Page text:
- The Federal Trade Commission is delving into a complaint about Amazon’s advertised discount prices amid its antitrust review of the e-commerce giant’s Whole Foods acquisition, according to a report from Reuters.
- The probe, unnamed sources told Reuters, centers around a study from consumer advocacy group Consumer Watchdog that found Amazon, in the group’s words, “uses inflated and fictitious previous prices to give consumers the misleading impression they’re getting a bargain.” In a statement, an Amazon spokesperson described the study to Retail Dive as “deeply flawed, based on incomplete data and improper assumptions.”
- After the Consumer Watchdog sent the FTC a letter about its Amazon findings, the agency made informal inquiries into the matter, Reuters reports, though the news service hadn’t found whether the FTC has as yet opened a formal investigation into the misleading pricing allegations.
Amazon’s pricing methods and advertising has received some pointed attention lately from outside observers, to the sometimes public consternation of Amazon, which has a deep interest in not only avoiding government lawsuits but also protecting its reputation as a low-price leader.
In its most recent study of Amazon pricing, Consumer Watchdog found that 61% of all reference prices were higher than any observed price charged by Amazon in the previous 90 days, while 38% of all reference prices were higher than any price charged by Amazon that the group had ever reviewed.
“In other words, in nearly four in 10 cases, Amazon never appeared to charge the previous price from which it claimed to be discounting,” the group wrote in July. “ It was entirely fictitious.” And difference between referenced and observed prices was high — 70% on average.
Amazon in its statement said of the study said: "The conclusions the Consumer Watchdog group reached are flat out wrong. We validate the reference prices provided by manufacturers, vendors and sellers against actual prices recently found across Amazon and other retailers."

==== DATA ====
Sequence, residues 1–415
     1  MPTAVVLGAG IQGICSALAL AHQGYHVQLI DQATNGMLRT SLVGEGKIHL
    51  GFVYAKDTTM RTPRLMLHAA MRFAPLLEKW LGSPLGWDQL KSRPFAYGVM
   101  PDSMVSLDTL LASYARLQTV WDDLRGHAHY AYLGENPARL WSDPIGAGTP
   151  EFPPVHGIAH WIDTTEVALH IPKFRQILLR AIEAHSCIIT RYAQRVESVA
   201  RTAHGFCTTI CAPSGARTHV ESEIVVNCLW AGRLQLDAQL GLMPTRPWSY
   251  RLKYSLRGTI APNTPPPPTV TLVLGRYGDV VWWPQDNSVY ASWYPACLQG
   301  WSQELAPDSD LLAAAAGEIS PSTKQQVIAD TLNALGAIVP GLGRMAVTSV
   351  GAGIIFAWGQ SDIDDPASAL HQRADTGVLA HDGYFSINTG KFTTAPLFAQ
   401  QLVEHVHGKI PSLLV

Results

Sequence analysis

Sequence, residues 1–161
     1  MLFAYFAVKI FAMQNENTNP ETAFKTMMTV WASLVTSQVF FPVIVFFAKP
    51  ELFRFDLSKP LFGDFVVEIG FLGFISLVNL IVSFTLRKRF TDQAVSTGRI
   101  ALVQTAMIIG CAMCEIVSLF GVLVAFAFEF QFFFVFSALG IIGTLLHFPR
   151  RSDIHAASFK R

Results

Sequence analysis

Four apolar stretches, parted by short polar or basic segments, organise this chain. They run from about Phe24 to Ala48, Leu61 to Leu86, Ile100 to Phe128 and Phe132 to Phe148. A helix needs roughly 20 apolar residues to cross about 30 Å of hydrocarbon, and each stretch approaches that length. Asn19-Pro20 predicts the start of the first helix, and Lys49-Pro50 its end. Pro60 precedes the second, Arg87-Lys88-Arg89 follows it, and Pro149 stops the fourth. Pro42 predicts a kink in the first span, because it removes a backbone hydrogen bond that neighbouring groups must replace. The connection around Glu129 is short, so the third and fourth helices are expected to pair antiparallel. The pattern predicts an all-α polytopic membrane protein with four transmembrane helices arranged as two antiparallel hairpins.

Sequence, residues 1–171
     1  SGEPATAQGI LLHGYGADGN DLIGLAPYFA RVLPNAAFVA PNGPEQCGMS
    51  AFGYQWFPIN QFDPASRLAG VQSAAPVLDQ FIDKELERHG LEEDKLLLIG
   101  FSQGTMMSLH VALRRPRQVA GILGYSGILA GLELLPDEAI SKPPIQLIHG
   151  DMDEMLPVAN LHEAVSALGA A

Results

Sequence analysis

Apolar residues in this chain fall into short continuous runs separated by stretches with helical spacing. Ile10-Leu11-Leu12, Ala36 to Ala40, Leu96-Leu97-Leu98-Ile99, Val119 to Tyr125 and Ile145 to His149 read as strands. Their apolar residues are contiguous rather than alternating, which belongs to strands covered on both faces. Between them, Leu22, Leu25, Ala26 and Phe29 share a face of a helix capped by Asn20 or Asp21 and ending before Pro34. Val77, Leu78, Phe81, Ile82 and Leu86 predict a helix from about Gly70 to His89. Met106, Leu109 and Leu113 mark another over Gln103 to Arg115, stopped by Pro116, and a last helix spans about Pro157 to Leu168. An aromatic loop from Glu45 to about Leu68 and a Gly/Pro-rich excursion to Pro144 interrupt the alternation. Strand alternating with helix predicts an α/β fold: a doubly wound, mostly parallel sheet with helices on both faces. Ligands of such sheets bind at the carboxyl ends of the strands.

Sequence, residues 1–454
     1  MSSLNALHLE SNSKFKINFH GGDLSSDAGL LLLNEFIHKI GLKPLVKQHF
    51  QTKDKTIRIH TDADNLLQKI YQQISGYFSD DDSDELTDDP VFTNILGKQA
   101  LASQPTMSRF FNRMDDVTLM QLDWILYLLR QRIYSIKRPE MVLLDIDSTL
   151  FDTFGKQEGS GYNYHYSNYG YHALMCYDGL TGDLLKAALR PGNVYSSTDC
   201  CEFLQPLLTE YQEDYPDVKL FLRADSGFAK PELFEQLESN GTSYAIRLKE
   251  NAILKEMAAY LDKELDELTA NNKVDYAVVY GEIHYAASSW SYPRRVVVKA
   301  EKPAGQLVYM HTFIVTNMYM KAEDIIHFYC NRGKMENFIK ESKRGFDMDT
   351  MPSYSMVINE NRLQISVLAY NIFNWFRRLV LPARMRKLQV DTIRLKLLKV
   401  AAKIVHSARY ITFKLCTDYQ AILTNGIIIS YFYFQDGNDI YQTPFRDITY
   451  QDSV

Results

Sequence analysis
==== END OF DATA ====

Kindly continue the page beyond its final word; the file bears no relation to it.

Another study from July, this one by Wikibuy, which has developed a price-comparison app, found that Amazon’s prices for common school supplies were 15% more on average than they were on other sites. More generally, Wikibuy found that Amazon’s prices changed hour-by-hour, state-by-state and shopper-by-shopper.
Additionally, last year Propublica, a nonprofit dedicated to investigative journalism, looked at 250 frequently purchased products over several weeks and found that around 75% of the time Amazon’s own products and those of companies that buy Amazon’s services were placed in its website’s coveted “buy box.”
Regulators around the world are taking notice of the market power and conduct of tech giants. Using its ubiquity as a platform to prioritize its own offerings recently got Google in trouble in with the European Union’s competition enforcers, who hit the tech giant with a record $2.7 billion fine and imposed a host of behavioral restrictions on the company. In 2012, FTC staff recommended the agency sue Google over similar behavior, though the commission at the time declined to go after the company.
Along with Amazon's pricing practices, allegations of anti-competitive tactics have followed the e-commerce giant around the economy as it tries to win market share and expand into more markets. As the company gets bigger, Amazon’s storied vastness and ability to sideline competitors could get more scrutiny.